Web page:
A food delivery service may not fall under my theme of consumer technology, but I do cover health and fitness. As a keen fitness enthusiast, I am interested in anything that could help optimise my performance or just make my life a bit easier.
I always used to think food delivery services were a rip-off, with the cost of them being disproportionate to the food you get. However, in recent years, as my workload and finances have increased, I have started to appreciate why people may use services like this and why so many people eat takeaway multiple times per week.
My other off-theme health-related content
Love Yourself Plans
While I don’t have extensive knowledge of fresh meal services, Love Yourself appears to have one of the best options on the market if you are interested in fitness and/or weight loss.
The company has 12 separate plans catering for different diets, plus a platinum plan. This includes vegetarian, gluten-free, dairy-free, Halal, Keto, low carb and performance.
Then each plan has different calories counts. Typically you have four options going from 1200-2500. Then for performance, it goes up to 3000, and Keto has a 3200 calorie plan.
I opted for the Performance Diet which is based on 35/35/30 split for macros which is the most often recommended balance for performance. It is not something I have followed, I have found my performance and satiety cope quite well on lower-fat diets, and I eat so much food I don’t particularly need to commit to 35% protein.
I also needed the 3000-calorie plan, as I typically eat 3.5K+ per day due to my activity levels.
Delivery & Packaging
[Update – Correction] Originally I had stated this was delivered on Tuesday, thinking it was a late delivery. The FAQ of the Love Yourself website clearly states the DPD deliveries are done three days per week with a schedule of:
- Tuesday: You will receive food for Tuesday and Wednesday
- Thursday: You will receive food for Thursday and Friday
- Friday: You will receive food for Saturday (and Sunday if 6 day order)
One downside of the above is that you would miss a Monday and I imagine most people want their food Monday-Friday.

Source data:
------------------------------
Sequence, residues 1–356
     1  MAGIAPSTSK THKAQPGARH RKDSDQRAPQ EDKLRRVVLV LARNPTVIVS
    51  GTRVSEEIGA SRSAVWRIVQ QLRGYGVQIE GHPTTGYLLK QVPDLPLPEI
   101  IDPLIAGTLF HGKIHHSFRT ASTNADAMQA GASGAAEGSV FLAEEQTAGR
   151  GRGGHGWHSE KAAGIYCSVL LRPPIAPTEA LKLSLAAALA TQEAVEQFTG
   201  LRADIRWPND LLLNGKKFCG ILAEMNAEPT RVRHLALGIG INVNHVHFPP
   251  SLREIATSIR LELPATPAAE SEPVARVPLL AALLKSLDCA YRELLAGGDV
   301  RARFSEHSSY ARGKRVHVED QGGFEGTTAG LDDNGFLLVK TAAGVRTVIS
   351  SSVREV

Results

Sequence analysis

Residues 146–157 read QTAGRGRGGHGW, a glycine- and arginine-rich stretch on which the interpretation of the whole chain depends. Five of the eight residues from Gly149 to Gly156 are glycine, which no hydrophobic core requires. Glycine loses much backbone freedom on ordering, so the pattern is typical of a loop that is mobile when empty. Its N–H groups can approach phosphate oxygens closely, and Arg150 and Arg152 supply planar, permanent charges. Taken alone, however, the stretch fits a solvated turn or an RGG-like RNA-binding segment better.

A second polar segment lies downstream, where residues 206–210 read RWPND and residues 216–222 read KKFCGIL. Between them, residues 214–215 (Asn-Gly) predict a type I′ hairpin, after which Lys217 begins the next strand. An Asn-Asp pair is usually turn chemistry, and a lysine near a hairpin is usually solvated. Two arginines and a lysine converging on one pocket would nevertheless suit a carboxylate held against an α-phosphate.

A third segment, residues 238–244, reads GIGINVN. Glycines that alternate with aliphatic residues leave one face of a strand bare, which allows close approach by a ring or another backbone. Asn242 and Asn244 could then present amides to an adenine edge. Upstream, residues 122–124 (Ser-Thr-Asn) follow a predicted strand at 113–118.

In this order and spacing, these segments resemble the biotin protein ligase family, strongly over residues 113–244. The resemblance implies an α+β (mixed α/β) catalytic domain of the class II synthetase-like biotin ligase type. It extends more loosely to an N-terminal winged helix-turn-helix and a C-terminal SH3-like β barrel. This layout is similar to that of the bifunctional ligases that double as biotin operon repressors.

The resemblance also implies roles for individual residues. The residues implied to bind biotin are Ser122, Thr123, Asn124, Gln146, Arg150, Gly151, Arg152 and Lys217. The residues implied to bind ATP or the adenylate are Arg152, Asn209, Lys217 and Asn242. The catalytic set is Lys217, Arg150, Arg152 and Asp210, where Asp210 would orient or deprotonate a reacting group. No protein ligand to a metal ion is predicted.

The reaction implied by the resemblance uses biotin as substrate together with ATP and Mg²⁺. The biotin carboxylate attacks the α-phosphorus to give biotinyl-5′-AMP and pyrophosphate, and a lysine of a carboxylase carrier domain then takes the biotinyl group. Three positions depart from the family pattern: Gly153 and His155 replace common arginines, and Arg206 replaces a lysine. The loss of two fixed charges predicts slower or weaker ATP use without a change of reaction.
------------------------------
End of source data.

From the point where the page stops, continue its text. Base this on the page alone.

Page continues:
Some of the food looked a bit squashed and some of the plastic packets and opened up a little. Not too much of a problem, nothing was ruined but no ideal.
Depending on where you live, the meals normally get delivered daily.
With a 5-meal plan, you are probably supposed to space your meals out evenly, however, I typically fast until lunch, and on the first day, the package didn’t arrive until 11am, so I stuck to my usual schedule. I also had no intention of having an egg sandwich for my breakfast.
The 2nd day coincided with my long run day, so I had my oat, banana and chia seed smoothie/mousse/porridge pre-run, and I ate quite a bit of other food as it was a 16-mile run.
With each meal, you can use the barcode scanner on MyFitnessPal to scan the meal into the system, making it far easier to add than searching for meals yourself. If you stick to this plan strictly, you probably don’t need to use MyFitnessPal because all the work is done for you, but it is a good way to make sure you stick to your calories and provide some accountability when you cheat.
- Meal 1 – Egg and avocado sandwich
- Bread is probably my favourite food, and I am quite picky with it. I have no time for bad bread. This was not good bread. To be fair, my initial impression was that it was going to be inedible, it was dry and dense. But the actual flavour was OK, and I guess the density helps with satiety.
- The turkey and avocado were quite nice.
- Meal 2 – Coffee fix smoothie
- This looked disgusting but I was pleasantly surprised how nice it tasted.
- Meal 3 – Chicken and tomato pasta
- This tasted good. It needed microwaving for much longer than the suggested two minutes. Even though the ingredients listed tomato first, it was basically just pasta, chicken and cheese, so quite calories dense, making a small portion.
- Meal 4 – Baked potato with chicken, beetroot & cabbage
- For a start this was boiled potatoes with beetroot, cabbage and cauliflower – similar but not the same as what was listed.
- This one wasn’t great, very very bland and dry. Cauliflower by itself with no sauce or condiments has to be one of the dullest foods ever.
- The overall portion size was good here. Cauliflower, beetroot and cabbage are all good for padding out your food.
- Meal 5 – Chicken & basil stir fry